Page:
Law on salary deductions invalid
Employers of public servants may no longer unilaterally make salary deductions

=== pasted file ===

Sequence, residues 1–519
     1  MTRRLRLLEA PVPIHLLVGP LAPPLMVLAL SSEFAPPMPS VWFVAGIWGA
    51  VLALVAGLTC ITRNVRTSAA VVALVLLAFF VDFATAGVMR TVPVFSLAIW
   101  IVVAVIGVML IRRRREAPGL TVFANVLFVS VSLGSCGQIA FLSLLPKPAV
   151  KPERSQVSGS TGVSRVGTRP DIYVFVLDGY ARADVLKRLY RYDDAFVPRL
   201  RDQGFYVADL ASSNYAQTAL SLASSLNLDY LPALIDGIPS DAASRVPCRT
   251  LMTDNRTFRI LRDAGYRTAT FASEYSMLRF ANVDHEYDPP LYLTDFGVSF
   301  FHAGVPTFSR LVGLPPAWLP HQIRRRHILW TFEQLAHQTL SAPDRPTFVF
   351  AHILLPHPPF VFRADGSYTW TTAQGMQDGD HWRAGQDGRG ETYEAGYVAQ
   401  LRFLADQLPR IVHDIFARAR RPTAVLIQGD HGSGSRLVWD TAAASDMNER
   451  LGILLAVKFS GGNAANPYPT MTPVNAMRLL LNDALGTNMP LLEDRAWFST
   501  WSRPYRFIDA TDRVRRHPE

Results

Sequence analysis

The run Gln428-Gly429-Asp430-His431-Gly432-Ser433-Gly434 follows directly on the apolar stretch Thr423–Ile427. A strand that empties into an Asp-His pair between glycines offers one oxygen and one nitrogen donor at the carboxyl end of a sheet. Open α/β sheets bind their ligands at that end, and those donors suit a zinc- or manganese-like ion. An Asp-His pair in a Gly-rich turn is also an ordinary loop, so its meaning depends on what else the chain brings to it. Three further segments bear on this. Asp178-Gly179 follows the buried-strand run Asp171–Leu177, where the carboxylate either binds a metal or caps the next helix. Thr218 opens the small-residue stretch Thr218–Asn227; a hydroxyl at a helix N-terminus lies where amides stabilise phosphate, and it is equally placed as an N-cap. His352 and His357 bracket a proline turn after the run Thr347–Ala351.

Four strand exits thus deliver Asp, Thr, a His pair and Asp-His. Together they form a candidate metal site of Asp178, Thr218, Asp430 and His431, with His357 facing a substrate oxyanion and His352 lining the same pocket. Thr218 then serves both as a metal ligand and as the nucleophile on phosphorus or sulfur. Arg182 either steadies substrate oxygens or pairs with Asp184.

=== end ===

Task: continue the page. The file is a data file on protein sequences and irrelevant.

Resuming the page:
In a landmark case, the Constitutional Court has ruled that employers of public servants may no longer unilaterally make salary deductions without due process. The court declared a section of the Public Service Act, which allowed employers to deduct monies believed to be owed, as unconstitutional and invalid. The ruling is a major victory for public servants, who have complained of unnotified deductions — which have had serious implications for their finances. Employers will now have to approach the courts and make their case before deducting monies, even in cases where amounts were erroneously paid. The issue has been a thorn in the side of trade unions for years as they claimed that thousands of workers were victims of the practice — a common occurrence in the public service. In June, the government introduced the Courts of Law Amendment Bill, providing that no more than 25% of a debtor’s salary could be attached, no matter how many attachment orders they had against them. The bil...